If you've recently split from your ex and you're looking to gain increased visitation or custody of your child, then some legal experts suggest that you should become more involved in his or her schooling.
That's because it's not uncommon for a contentious custody battle to involve your child's teacher being summoned to appear in court. If he or she is, then he or she is likely to be asked to answer questions about your involvement in your child's academics.
When questioning happens, your child's teacher is likely to be asked about which parent most often comes to parent-teacher conferences, chaperones field trips, picks up your child from school or volunteers in the classroom. Your child's teacher may be asked which parent signs off on his or her assignment sheet as well.
More often than not, it is going to be the more finer details about something as important as education that may leave a judge believing that one parent has the child's best interest in mind more than the next. This is why, if you are seeking to gain increased visitation or primary custody of your child, the best thing you can do is to take a more active role in his or her schooling.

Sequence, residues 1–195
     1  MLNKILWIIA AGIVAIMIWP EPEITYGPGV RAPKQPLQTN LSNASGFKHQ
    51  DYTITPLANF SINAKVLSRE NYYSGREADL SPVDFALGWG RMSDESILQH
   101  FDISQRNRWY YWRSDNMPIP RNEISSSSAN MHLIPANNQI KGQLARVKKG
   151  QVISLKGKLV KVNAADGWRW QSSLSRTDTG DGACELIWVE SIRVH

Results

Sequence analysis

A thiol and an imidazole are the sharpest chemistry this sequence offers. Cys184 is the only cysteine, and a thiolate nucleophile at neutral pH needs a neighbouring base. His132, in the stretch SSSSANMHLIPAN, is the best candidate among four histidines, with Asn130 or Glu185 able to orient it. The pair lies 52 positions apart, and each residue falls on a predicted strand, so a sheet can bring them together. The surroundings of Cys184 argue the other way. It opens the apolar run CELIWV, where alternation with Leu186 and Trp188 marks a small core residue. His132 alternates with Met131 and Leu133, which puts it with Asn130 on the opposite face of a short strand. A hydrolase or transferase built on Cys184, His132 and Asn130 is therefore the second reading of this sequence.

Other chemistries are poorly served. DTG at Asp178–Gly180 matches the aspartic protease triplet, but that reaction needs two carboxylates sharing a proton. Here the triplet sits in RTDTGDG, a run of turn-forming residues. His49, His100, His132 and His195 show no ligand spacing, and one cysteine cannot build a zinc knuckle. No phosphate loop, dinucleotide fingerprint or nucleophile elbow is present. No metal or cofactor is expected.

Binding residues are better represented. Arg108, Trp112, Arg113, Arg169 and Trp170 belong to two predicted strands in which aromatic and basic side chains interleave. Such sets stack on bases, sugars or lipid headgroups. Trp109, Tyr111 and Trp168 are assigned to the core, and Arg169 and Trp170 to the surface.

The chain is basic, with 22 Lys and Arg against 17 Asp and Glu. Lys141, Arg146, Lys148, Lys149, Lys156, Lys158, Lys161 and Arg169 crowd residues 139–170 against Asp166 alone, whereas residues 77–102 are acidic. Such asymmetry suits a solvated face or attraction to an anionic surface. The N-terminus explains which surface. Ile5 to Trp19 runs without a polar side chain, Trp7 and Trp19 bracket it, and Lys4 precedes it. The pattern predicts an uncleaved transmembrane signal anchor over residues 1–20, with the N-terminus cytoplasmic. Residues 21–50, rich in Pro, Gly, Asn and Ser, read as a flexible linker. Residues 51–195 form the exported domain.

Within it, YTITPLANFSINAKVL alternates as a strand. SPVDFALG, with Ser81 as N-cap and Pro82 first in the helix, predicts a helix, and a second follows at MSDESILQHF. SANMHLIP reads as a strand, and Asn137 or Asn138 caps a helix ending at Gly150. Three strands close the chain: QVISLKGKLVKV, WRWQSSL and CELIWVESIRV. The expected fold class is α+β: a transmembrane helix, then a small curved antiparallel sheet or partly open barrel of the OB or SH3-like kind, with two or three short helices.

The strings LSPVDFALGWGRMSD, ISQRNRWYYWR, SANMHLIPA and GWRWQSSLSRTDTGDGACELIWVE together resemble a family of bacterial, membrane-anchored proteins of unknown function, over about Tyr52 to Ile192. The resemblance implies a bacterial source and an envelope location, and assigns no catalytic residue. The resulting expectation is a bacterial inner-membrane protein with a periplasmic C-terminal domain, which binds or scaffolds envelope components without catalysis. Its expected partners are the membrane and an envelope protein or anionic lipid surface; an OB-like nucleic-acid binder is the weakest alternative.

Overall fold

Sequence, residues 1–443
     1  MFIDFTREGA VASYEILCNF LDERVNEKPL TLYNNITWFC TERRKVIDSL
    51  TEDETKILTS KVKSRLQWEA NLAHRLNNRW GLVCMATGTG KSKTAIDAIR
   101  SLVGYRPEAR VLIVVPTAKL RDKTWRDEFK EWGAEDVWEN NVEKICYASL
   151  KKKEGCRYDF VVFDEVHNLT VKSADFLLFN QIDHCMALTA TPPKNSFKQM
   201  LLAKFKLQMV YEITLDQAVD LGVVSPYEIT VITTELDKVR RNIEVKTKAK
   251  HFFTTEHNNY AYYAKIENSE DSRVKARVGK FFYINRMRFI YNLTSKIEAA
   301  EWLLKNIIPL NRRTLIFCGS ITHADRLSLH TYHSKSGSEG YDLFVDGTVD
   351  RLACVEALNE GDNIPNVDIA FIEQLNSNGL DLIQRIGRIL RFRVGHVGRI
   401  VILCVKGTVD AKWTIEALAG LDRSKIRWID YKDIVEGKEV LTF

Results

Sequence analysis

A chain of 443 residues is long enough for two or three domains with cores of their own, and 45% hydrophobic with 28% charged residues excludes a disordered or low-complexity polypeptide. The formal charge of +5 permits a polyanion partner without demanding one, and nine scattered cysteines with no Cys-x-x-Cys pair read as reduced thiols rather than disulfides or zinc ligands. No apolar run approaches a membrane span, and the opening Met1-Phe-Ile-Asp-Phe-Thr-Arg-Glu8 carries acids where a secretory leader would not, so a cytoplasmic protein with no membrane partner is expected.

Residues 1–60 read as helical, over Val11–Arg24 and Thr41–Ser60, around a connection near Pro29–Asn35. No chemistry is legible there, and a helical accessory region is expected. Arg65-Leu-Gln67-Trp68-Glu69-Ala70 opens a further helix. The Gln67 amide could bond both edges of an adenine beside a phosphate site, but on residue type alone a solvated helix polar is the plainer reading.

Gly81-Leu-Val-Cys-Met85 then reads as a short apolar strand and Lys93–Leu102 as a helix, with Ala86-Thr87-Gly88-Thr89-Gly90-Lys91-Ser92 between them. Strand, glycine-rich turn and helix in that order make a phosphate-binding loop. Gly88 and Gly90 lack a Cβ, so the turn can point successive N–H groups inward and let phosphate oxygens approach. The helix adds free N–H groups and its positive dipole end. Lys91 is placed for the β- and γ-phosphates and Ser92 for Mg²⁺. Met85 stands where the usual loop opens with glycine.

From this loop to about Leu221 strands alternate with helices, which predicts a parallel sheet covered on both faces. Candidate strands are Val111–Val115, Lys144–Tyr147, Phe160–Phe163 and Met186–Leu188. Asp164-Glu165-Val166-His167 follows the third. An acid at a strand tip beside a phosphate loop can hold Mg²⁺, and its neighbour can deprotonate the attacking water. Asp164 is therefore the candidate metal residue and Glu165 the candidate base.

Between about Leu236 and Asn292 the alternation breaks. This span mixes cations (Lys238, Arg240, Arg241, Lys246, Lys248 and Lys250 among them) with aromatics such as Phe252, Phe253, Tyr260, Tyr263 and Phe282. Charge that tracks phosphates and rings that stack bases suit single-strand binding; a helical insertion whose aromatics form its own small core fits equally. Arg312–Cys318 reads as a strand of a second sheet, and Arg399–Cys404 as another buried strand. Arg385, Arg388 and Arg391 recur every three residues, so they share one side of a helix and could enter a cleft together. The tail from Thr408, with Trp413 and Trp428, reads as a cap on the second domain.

One of the best ways to start getting more involved in your child's schooling is by finding out when your child's open house is and making a point of not just attending it, but introducing yourself to the teacher while there. You may try contacting your child's teacher to set up a time to introduce yourself to learn more of his or her strengths and weaknesses in the classroom as well.
You may also decide to coach a sports team he or she participates in or to enroll your child in extracurricular activities. Taking an initiative to set up tutoring or counseling if problems arise sets a good precedent also.
If you've recently separated from your child's other parent and you're looking to have your visitation with your child increased, then a Fort Myers divorce attorney can advise you in your legal matter.
Source: Huffington Post, "Want custody of your kids? Get involved with their school!," Joseph Cordell, accessed Dec. 08, 2017